Type of Document Master's Thesis Author Lener, Edward F. Author's Email Address firstname.lastname@example.org URN etd-112297-171532 Title Mineral Chemistry of Heavy Minerals in the Old Hickory Deposit, Sussex and Dinwiddie Counties, Virginia Degree Master of Science Department Geological Sciences Advisory Committee
Advisor Name Title Craig, James R. Committee Chair Berquist, C. Rick Committee Member Rimstidt, james Donald Committee Member Keywords
- heavy minerals
Date of Defense 1997-12-11 Availability unrestricted Abstract MINERAL CHEMISTRY OF HEAVY MINERALS IN THE OLD HICKORY DEPOSIT, SUSSEX AND DINWIDDIE COUNTIES, VIRGINIA
Edward F. Lener
The Old Hickory is the largest of a series of Pliocene (?) age heavy mineral sand deposits in Virginia and North Carolina. The high density of heavy minerals allows for selective concentration during transport and deposition. Under the right conditions, placers of considerable size can be formed. The elliptically shaped ore body of the Old Hickory Deposit extends in a North - South direction and is approximately 13 km (8 miles) long and up to 2.5 km (1.5 miles) wide, with an average thickness of 6.5 m (20 feet). The deposit lies along the Fall Zone, where a thin wedge of Cenozoic Coastal Plain sediments unconformably overlies the older rocks of the Piedmont.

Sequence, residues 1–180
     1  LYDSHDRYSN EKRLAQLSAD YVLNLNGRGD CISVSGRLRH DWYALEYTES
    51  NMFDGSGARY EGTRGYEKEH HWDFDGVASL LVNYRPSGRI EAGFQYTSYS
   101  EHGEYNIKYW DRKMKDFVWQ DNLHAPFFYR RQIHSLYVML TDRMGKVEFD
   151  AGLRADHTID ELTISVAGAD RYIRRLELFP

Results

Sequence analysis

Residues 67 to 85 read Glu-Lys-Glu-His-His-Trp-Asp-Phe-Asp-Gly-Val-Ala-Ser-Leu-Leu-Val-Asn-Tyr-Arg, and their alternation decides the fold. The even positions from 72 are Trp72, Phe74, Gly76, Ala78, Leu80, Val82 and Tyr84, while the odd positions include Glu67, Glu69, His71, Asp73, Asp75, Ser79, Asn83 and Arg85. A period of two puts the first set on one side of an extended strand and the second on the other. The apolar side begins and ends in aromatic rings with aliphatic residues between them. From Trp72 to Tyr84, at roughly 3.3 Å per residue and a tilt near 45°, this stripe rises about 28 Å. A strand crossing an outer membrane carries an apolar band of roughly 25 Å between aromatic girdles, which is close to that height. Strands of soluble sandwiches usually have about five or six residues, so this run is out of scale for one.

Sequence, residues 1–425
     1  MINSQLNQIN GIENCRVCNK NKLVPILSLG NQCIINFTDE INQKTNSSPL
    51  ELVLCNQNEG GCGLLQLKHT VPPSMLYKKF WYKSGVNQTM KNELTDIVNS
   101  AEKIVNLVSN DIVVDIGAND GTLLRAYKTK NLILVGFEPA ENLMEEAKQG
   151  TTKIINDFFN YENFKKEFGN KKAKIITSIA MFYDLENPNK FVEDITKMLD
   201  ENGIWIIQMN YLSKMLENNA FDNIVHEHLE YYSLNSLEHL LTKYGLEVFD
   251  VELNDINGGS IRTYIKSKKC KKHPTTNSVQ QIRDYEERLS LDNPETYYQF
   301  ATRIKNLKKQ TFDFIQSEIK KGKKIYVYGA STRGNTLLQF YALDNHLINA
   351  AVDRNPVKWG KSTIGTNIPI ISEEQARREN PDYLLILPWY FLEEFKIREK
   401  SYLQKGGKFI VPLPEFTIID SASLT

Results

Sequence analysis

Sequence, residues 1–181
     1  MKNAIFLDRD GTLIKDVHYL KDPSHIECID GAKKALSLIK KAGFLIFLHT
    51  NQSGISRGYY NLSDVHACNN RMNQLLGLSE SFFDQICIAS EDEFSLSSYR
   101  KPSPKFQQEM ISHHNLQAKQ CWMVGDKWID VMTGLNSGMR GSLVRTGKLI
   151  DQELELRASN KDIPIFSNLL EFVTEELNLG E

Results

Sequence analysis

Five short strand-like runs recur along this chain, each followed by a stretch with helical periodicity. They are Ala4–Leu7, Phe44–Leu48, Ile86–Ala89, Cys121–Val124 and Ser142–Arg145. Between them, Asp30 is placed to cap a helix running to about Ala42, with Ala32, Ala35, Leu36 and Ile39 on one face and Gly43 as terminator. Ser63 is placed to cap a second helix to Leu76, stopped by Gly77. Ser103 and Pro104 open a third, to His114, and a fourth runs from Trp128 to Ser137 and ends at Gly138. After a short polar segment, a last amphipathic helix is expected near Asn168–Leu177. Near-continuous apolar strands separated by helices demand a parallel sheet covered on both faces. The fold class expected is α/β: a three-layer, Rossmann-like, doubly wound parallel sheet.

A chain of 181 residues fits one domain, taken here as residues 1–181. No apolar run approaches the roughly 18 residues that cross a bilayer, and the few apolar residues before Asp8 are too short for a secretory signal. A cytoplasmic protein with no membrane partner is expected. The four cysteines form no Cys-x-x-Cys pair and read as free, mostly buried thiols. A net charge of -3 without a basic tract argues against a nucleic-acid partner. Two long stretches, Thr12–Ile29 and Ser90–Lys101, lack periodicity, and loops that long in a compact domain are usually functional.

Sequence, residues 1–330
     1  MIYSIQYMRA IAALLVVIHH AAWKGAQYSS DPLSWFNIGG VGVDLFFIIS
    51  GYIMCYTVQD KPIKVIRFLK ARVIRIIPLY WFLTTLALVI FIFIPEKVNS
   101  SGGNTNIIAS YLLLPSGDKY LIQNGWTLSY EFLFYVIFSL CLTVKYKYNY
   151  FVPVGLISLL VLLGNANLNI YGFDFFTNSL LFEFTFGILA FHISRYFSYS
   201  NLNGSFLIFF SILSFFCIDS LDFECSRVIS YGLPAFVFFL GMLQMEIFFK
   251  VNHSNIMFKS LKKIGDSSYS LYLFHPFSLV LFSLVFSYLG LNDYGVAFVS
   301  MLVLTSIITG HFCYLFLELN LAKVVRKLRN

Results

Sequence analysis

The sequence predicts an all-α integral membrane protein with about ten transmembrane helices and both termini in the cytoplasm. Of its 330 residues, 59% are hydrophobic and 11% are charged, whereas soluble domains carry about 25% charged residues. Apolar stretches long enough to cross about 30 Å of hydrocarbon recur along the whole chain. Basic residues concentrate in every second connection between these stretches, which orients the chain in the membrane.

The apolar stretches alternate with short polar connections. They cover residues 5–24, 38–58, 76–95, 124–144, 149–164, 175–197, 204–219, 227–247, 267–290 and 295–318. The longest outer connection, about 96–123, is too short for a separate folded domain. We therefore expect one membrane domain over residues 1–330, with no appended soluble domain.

The principal minerals of economic interest found in the heavy mineral sands at the site are ilmenite (FeTiO3), leucoxene (Fe2-xTi3+xO9+x/2) where x is less than or equal to 2, rutile (TiO2), and zircon (ZrSiO4). An important focus of this study is the alteration of ilmenite by leaching away of iron, which results in enrichment in titanium. Titanium metal is highly valued for its light weight and high strength. In terms of total economic value, however, the use of titanium dioxide pigments for paint, coated paper, and other products is far more important. As the value of the ore is heavily dependent on the titanium content, the weathering process is a matter of considerable interest to the mineral industry.
Analysis of ilmenite grains using reflected light microscopy revealed a wide range of alteration textures. Quantitative analysis and mapping of trace elements showed altered areas with enrichment in Ti and depletion in Fe, Mn, Mg, and Cr. It is believed that the weathering process took place in a reducing environment prior to final deposition according to the reaction:
Fe2+TiO3 + 2H+ --> Fe2+ (aq) + TiO2 + H2OReducing environments are found in water-logged soils such as floodplains and other low-lying areas. Repeated cycles of burial and exhumation during transport would have created conditions ideal for the removal of iron from the ilmenite.
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